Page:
Remembering Nakba: 76 Years Of Palestinian Tragedy

As Israelis celebrate the foundation of their state, Palestinians mark what they consider the darkest day in their history – Nakba Day. It commemorates the displacement and dispossession of hundreds of thousands of Palestinians from their homeland in 1948; they mourn the loss of their homes, lands, and way of life.

The story of the Nakba is complicated, with multiple main events that caused the Palestinian nation’s greatest tragedy.

Early Immigration

The roots of the Palestinian tragedy extend back to the early 20th century when waves of Jewish immigrants began arriving in Palestine, encouraged by the Zionist movement’s aspirations for a Jewish homeland.

By the 1930s, the Jewish population in Palestine had increased significantly, facilitated by British colonial policies favoring Jewish immigration over the indigenous Palestinian population.

Palestinian Revolt

In the 1930s, Palestinians rose up against British colonial rule and the increasing influx of Jewish immigrants. The Great Arab Revolt of 1936-1939 saw widespread Palestinian resistance to British policies and Zionist settlement, leading to a violent suppression by British forces.

This period marked the emergence of Jewish armed groups, including the Haganah, Irgun, and Lehi, which later played a pivotal role in the events of 1948.

International Resolution

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The UN partition plan of 1947 allocated disproportionately less land to Palestinians, who constituted approximately two-thirds of the population but were assigned only 43% of historic Palestine.

In contrast, Jewish settlers, comprising one-third of the population, were granted 56% of the land. Arab rejection of this plan, seen as unjust, set the stage for the 1948 war.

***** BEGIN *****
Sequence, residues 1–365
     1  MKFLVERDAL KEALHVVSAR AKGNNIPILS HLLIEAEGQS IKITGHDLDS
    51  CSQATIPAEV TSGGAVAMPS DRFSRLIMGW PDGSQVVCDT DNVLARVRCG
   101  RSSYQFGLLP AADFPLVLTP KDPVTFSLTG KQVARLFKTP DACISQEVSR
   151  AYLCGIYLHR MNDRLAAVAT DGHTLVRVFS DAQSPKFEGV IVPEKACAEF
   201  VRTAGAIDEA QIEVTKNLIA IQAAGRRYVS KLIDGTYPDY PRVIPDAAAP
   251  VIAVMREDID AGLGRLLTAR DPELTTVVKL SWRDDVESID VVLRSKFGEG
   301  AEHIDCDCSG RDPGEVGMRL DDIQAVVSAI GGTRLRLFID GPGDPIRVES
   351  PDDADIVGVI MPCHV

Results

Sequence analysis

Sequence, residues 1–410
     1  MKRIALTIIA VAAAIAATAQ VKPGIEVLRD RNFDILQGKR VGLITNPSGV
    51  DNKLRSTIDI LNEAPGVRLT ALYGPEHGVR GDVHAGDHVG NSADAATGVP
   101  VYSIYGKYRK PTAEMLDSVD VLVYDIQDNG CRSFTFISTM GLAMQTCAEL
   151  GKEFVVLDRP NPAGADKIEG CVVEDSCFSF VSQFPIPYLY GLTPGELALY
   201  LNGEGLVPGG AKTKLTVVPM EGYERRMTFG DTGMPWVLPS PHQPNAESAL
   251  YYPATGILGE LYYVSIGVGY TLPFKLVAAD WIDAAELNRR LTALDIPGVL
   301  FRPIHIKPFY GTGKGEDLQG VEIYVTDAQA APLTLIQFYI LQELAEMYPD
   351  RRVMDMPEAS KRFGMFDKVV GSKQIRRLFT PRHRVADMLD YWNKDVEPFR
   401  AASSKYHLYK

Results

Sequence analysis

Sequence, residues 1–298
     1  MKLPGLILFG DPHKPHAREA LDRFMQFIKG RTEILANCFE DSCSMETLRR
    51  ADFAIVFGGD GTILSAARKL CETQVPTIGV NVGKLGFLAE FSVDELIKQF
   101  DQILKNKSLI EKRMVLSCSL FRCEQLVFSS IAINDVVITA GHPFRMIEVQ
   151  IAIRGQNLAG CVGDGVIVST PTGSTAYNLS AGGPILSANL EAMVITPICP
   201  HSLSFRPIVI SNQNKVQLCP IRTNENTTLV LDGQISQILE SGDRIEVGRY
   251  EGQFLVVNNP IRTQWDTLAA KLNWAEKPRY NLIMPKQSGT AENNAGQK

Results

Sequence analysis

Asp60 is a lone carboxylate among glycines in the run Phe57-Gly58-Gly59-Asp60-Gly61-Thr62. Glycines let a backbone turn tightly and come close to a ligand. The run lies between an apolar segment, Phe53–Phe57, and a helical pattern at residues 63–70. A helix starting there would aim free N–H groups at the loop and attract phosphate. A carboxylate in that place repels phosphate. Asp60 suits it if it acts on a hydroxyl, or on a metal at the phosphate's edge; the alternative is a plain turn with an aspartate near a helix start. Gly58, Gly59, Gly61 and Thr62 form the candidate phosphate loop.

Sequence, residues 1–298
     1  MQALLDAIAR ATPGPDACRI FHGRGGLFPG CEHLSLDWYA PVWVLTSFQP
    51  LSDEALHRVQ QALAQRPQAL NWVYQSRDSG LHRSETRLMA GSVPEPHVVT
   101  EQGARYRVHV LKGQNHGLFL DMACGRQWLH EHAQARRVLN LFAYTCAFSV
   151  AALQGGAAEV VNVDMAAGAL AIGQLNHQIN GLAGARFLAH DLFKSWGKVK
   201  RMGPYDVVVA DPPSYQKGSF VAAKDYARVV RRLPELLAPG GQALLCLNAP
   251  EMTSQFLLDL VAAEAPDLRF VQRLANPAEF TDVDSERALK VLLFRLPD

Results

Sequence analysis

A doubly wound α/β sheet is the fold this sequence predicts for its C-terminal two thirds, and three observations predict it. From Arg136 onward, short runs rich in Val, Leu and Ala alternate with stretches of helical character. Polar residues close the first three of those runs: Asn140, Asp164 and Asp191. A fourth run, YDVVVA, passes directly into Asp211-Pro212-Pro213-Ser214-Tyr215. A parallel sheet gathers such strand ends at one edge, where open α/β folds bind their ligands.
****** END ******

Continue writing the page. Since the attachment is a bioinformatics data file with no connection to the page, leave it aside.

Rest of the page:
The War

The 1948 Arab-Israeli War, also known as the War of Independence from the Israeli perspective, was a watershed moment in Palestinian history.

Jewish armed groups, including the Haganah, Irgun, and Lehi, launched coordinated military campaigns aimed at securing territory and driving out the indigenous Palestinian population.

Mass expulsions, massacres, and the destruction of Palestinian villages were widespread, while small armies from multiple neighboring Arab countries, including Egypt, Jordan & Saudi Arabia, tried to intervene; the absence of leadership resulted in their ultimate defeat, and as those armies retreated they unfolded a bigger catastrophe.

The Nakba (Catastrophe)

The Nakba resulted in the forced displacement of approximately 750,000 Palestinians, representing more than half of the Palestinian Arab population at the time. Many fled to neighboring countries such as Jordan, Syria, and Lebanon, seeking refuge from the violence and persecution.

The United Nations Relief and Works Agency for Palestine Refugees in the Near East (UNRWA) was established to provide humanitarian assistance to Palestinian refugees, whose numbers have since swelled to over 5 million across the Middle East.

Palestinian Diaspora

Despite the trauma of displacement, Palestinian communities in Jordan, Syria, and Lebanon have persisted, maintaining their cultural identity and heritage.

In Jordan, Palestinian refugees constitute a significant portion of the population, with estimates ranging from 30% to 70%. In Syria, Palestinian refugee camps, such as Yarmouk, have been at the center of the country’s conflict, facing violence and displacement once again.

In Lebanon, Palestinian refugees continue to face legal and social discrimination, with limited access to employment, education, and healthcare.

7 Famous People You Probably Didn't Know Are Palestinian - MVSLIM
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Throughout the diaspora, Palestinian-origin figures have risen to prominence in various fields, including academia, literature, arts, and politics.

Renowned figures such as Edward Said, Ghassan Kanafani, Bella Hadid, and Hanan Ashrawi have amplified the Palestinian voice on the international stage, advocating for justice, equality, and the right of return for Palestinian refugees.

As Nakba Day commemorates its 76th anniversary, it serves as a solemn reminder of the ongoing Palestinian struggle for justice, dignity, and the right to return to their homeland.

Despite decades of displacement and dispossession, the Palestinian people remain steadfast in their resilience and determination to achieve freedom. As the world reflects on the events of 1948 and its enduring legacy, it must acknowledge the Palestinian narrative and work toward a just and equitable resolution to the Israeli-Palestinian war.

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